It’s July 2018, and archaeologists are excavating a site in Ireland when they make a “once in a lifetime” discovery. You see, hidden beneath the vast cairn – a manmade hill of stones – is a mysterious megalithic tomb.
Megalithic monuments are, in fact, one of the defining features of Neolithic culture in Ireland. The large stone structures regularly served as tombs for human remains – which were often cremated and interred along with items such as axes and arrowheads. To date, approximately 1,200 megalithic monuments have been identified on the Emerald Isle. And experts say that the largest of these structures have special ceremonial or spiritual significance.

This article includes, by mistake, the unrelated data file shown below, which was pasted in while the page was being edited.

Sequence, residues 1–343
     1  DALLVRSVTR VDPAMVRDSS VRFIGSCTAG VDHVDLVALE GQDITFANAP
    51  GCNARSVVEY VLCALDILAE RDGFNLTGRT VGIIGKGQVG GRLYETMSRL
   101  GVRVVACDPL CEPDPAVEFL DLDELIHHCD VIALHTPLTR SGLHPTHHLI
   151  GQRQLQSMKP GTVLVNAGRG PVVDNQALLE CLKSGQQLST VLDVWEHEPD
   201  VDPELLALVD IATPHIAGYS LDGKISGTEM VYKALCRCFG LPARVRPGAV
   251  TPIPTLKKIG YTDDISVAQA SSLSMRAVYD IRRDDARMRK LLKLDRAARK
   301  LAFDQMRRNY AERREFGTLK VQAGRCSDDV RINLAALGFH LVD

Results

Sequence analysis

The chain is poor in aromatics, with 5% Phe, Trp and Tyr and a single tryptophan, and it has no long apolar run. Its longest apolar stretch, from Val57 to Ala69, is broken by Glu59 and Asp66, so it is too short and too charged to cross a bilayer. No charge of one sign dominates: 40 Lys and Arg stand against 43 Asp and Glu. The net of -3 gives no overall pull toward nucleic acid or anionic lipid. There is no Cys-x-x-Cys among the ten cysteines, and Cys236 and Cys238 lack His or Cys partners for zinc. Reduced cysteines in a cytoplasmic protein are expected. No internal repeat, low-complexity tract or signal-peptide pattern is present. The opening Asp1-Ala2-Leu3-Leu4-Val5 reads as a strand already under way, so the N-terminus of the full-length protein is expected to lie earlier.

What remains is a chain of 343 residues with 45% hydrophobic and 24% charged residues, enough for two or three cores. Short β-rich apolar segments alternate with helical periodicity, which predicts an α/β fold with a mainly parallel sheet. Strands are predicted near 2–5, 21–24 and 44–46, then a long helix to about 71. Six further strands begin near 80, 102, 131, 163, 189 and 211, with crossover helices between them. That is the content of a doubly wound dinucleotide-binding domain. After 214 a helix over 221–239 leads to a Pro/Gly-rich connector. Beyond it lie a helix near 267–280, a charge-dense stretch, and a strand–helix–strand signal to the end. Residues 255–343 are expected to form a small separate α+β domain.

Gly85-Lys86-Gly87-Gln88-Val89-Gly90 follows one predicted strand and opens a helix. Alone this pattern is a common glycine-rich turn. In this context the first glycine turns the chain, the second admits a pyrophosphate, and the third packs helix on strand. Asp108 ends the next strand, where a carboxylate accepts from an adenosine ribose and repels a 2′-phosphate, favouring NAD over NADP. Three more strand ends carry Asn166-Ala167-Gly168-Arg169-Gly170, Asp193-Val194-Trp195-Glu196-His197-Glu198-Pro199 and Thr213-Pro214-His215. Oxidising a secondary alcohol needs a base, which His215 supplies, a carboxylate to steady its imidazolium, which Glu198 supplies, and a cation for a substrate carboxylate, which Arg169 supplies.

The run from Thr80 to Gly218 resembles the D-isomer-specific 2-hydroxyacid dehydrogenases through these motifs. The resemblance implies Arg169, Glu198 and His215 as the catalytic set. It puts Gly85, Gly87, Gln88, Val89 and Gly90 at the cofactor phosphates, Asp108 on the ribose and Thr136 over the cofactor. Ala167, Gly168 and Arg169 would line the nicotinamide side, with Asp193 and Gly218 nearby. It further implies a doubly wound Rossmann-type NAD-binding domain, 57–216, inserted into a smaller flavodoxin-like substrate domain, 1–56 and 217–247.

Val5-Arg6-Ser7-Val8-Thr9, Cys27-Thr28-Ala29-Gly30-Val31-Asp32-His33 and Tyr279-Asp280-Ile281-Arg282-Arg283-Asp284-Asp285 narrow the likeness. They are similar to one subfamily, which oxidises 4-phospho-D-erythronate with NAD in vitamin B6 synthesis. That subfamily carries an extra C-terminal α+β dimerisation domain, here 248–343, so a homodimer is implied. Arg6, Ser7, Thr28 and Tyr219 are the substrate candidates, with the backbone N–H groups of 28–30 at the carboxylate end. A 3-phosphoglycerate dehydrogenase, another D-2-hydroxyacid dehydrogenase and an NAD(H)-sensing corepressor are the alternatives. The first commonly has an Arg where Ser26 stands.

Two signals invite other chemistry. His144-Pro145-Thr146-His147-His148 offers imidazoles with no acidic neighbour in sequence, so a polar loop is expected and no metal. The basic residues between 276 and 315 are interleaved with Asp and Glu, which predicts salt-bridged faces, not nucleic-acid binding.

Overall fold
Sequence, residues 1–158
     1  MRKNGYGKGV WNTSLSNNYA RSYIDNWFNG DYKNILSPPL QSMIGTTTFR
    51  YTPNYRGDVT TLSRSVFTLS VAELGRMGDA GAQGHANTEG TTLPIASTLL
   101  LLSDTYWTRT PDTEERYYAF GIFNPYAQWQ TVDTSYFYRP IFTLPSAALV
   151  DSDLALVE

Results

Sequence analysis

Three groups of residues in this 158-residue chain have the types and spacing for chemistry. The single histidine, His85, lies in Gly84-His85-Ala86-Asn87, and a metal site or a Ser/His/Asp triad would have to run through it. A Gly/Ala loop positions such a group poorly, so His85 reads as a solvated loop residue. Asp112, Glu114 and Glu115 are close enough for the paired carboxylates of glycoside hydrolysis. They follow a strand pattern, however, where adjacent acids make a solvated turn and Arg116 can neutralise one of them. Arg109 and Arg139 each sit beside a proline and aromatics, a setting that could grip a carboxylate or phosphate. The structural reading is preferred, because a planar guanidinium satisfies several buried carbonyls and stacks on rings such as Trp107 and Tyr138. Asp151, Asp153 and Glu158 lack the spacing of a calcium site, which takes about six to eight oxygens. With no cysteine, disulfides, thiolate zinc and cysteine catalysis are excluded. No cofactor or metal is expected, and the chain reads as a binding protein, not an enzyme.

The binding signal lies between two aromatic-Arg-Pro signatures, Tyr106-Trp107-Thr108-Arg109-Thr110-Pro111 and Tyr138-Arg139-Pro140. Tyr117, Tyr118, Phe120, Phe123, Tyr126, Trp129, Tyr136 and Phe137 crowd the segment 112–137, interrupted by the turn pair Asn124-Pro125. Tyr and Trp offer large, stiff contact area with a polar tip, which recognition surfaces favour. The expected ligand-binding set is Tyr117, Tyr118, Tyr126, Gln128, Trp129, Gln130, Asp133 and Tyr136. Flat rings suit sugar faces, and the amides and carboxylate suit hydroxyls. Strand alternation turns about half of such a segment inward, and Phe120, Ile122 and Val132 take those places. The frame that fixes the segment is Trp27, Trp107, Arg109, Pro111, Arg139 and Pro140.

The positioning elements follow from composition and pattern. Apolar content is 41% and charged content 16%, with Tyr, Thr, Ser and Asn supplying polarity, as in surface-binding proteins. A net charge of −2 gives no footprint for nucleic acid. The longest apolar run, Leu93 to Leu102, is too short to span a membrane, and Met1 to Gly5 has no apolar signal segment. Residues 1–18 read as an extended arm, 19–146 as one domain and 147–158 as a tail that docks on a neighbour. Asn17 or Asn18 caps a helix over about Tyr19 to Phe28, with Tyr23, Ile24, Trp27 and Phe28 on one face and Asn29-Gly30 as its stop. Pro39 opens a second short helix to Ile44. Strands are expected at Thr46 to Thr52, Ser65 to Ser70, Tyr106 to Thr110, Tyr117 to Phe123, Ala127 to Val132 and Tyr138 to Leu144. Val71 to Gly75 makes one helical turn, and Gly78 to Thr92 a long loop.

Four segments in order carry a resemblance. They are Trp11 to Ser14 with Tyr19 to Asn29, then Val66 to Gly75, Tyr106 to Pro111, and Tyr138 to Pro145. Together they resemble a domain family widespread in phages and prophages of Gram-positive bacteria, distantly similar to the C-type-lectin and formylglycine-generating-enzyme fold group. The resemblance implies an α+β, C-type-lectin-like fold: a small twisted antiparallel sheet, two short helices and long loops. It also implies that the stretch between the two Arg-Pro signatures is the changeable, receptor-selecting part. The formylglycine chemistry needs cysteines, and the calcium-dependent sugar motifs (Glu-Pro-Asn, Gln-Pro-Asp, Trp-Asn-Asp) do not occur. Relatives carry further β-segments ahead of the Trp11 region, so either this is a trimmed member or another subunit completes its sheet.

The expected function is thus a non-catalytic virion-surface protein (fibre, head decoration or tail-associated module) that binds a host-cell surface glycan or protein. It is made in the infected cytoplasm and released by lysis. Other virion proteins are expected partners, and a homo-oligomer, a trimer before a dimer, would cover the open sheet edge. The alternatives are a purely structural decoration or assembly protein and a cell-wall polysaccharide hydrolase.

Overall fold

Now, the tomb that the team were working on is located within the grounds of Dowth Hall, an Irish estate dating back to the 18th century. And the structure forms part of the famous Brú na Bóinne complex, which lies 25 miles north of Dublin. A UNESCO World Heritage Site since 1993, Brú na Bóinne is the Irish equivalent of Egypt’s Valley of the Kings.